So what is causing the reflux? It all comes down to keeping the esophageal sphincter tightly down to prevent reflux or backflow of stomach contents into the esophagus. Poor digestion of food from too little stomach acid and enzymes slows digestion and stomach emptying. Not enough stomach acid increases intra-abdominal pressure (IAP). The pressure in the stomach then pushes against the lower esophageal sphincter causing it to not be able to keep a tight seal. Even small amounts of acid moving into your esophagus cause significant pain and burning since the esophagus is not protected from the pH of stomach acid like the stomach lining. This describes the mechanism behind heartburn that occurs with meals, or shortly after eating, however over time, the sphincter can weaken causing more consistent heartburn unassociated with a meal. When untreated, long-term reflux can damage the esophagus.
A Functional Medicine Approach to Low Stomach Acid
The conventional approach to reflux, one of the main symptoms of hypochlorhydria has been addressed above regarding heartburn medications. There is actually no conventional treatment directly for low stomach acid. The mainstream medical community does not recognize it as a condition to be treated, but only the symptoms which is creates. Those symptoms are treated with medications such as PPI’s for reflux, steroids, biologics, and anti inflammatory meds for IBD and various antiemetic and antidiarrheal meds for IBS and IBD. Or in the case of gallbladder issues, surgery is the option. And yes, hypochlorhydria can be part of your gallbladder issues. None of these options solve the issue at hand. The GI tract is much more comprehensive than matching a medication to a symptom. You deserve better. Despite hypochlorhydria being responsible for or contributing to almost every GI related issue, it is relatively straight forward to treat. It generally requires supplemental HCL and digestive enzymes while making diet changes. This combination helps the body maintain adequate levels of HCL on its own over time, therefore requiring less and less supplemental HCL.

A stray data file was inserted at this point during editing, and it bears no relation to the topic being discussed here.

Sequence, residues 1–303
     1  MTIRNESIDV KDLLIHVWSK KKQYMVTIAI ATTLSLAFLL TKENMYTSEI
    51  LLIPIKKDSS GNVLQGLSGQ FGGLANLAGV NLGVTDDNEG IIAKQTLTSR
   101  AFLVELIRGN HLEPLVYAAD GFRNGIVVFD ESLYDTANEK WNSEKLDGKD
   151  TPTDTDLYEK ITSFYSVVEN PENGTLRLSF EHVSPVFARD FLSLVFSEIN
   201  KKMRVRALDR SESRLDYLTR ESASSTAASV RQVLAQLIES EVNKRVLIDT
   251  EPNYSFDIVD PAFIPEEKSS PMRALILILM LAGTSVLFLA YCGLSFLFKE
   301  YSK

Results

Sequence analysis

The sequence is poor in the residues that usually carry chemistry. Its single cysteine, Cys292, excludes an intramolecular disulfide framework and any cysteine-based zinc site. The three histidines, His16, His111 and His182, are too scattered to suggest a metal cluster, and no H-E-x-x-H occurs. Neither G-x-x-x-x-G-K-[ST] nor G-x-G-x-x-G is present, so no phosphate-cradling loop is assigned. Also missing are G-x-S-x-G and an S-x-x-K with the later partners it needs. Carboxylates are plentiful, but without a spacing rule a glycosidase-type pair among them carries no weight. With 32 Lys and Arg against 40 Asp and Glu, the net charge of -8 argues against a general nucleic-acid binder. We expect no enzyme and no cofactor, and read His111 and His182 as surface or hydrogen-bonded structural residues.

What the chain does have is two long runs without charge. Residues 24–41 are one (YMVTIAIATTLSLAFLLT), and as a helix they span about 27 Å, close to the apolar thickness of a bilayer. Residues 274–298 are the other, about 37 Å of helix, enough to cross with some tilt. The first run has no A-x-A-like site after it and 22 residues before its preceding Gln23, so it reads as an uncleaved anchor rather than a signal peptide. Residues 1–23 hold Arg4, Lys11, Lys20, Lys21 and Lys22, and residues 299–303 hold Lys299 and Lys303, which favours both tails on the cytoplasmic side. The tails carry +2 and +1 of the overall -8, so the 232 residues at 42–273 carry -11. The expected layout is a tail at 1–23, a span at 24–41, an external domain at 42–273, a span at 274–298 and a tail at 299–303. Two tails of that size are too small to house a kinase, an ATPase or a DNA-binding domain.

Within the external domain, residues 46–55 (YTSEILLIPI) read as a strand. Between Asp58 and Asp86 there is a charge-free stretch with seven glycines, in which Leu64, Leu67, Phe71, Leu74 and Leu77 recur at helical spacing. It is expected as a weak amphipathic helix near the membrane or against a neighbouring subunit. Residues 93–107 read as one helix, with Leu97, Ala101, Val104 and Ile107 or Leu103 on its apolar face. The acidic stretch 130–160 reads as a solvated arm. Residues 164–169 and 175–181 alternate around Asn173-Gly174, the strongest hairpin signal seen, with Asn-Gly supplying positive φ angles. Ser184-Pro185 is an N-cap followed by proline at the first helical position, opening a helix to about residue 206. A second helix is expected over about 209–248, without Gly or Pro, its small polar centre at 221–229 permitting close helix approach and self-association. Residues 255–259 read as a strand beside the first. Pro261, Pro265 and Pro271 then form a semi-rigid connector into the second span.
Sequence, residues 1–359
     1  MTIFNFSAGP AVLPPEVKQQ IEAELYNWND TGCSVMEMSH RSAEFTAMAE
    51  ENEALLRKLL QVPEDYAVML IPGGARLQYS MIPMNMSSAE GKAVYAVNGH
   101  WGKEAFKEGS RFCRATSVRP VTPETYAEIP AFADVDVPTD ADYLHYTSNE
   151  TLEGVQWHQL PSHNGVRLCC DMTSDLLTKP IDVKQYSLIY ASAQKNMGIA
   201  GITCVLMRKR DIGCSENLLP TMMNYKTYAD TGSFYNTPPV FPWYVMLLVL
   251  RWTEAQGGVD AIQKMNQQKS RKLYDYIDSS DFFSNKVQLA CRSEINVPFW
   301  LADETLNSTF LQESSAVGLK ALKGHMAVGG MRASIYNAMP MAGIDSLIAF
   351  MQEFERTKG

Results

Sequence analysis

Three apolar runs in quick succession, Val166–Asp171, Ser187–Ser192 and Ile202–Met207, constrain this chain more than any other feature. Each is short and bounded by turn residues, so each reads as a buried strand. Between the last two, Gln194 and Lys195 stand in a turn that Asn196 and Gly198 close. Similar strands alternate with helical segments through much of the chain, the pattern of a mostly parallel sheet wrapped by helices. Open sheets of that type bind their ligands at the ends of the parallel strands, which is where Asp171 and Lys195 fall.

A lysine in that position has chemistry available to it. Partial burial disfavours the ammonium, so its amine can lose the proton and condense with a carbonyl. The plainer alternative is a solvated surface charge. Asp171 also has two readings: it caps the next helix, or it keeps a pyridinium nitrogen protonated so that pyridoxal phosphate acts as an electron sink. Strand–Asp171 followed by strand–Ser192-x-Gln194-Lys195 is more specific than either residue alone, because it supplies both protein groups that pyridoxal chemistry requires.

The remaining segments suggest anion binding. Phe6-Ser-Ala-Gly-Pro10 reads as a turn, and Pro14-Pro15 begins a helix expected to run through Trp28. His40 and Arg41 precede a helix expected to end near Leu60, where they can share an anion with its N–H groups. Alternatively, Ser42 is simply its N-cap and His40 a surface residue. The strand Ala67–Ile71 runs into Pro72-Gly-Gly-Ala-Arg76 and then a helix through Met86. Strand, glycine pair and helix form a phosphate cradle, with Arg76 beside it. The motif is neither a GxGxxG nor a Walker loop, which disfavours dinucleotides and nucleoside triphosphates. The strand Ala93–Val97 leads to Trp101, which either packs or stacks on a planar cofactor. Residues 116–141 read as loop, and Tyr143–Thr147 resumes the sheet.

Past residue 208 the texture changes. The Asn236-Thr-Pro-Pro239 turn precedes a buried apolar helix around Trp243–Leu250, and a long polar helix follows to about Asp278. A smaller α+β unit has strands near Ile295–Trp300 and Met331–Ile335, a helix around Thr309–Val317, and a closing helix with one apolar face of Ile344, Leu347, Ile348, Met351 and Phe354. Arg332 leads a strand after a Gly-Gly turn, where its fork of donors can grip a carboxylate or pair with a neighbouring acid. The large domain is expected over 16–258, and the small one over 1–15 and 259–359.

Dig Dis Sci. 1984 Mar;29(3):202-6.
Effect of tea on gastric acid secretion.
Dubey P, Sundram KR, Nundy S.
The gastric acid response to a 200-ml cup of tea was measured by in situ titration in 36 patients with duodenal ulcer (DU) and 56 without duodenal ulcer (controls). Tea resulted in an acid secretory response which was almost equal to that after a maximal dose (0.04 mg/kg) of histamine. The effect of tea was mainly due to its local chemical action on gastric mucosa. Tea without milk and sugar resulted in an acid response higher than that evoked by a maximal dose of histamine. The concentration of tea brew that had the greatest effect on gastric acid secretion was 15 g/200 ml, which was three times as much as that in a palatable cup of tea. Tea is a potent stimulant of gastric acid, and this can be reduced by adding milk and sugar.
PMID: 6546540



Having enough HCL (hydrochloric acid or stomach acid) is critical for good digestion and immune health. Without adequate HCL food is incompletely digested and failure of assimilation occurs. If this happens, we become vitamin and mineral deficient. When a person starts to eat, the stomach is stimulated to start producing HCL. The HCL activates the chief cells in the middle portion of the stomach to start secreting a protein-digesting enzyme known as pepsinogen. Pepsinogen requires the presence of hydrochloric acid in order to begin digesting protein. The major role of HCL is to activate pepsinogen (not digest food), which now becomes known as pepsin.
Stomach acid gradually increases during a meal. When the stomach acid amount is elevated, which normally takes about 20-30 minutes after eating, it neutralizes enzymes from the mouth, helps to kill bacteria, parasites, viruses that enter with the food, carbohydrate digestion is reduced, and protein digestion starts. There are many consequences when HCL production is not adequate. See “Do You Have Enough Stomach Acid?”